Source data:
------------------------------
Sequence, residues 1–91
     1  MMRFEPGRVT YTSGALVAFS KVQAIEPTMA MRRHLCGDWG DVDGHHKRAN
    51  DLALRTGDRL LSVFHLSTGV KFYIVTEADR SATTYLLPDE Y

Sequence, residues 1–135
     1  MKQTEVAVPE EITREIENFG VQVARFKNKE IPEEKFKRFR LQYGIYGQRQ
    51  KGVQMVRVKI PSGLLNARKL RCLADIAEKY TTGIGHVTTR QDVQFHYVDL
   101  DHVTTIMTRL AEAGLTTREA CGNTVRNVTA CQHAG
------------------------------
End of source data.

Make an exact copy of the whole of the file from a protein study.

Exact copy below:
Sequence, residues 1–91
     1  MMRFEPGRVT YTSGALVAFS KVQAIEPTMA MRRHLCGDWG DVDGHHKRAN
    51  DLALRTGDRL LSVFHLSTGV KFYIVTEADR SATTYLLPDE Y

Sequence, residues 1–135
     1  MKQTEVAVPE EITREIENFG VQVARFKNKE IPEEKFKRFR LQYGIYGQRQ
    51  KGVQMVRVKI PSGLLNARKL RCLADIAEKY TTGIGHVTTR QDVQFHYVDL
   101  DHVTTIMTRL AEAGLTTREA CGNTVRNVTA CQHAG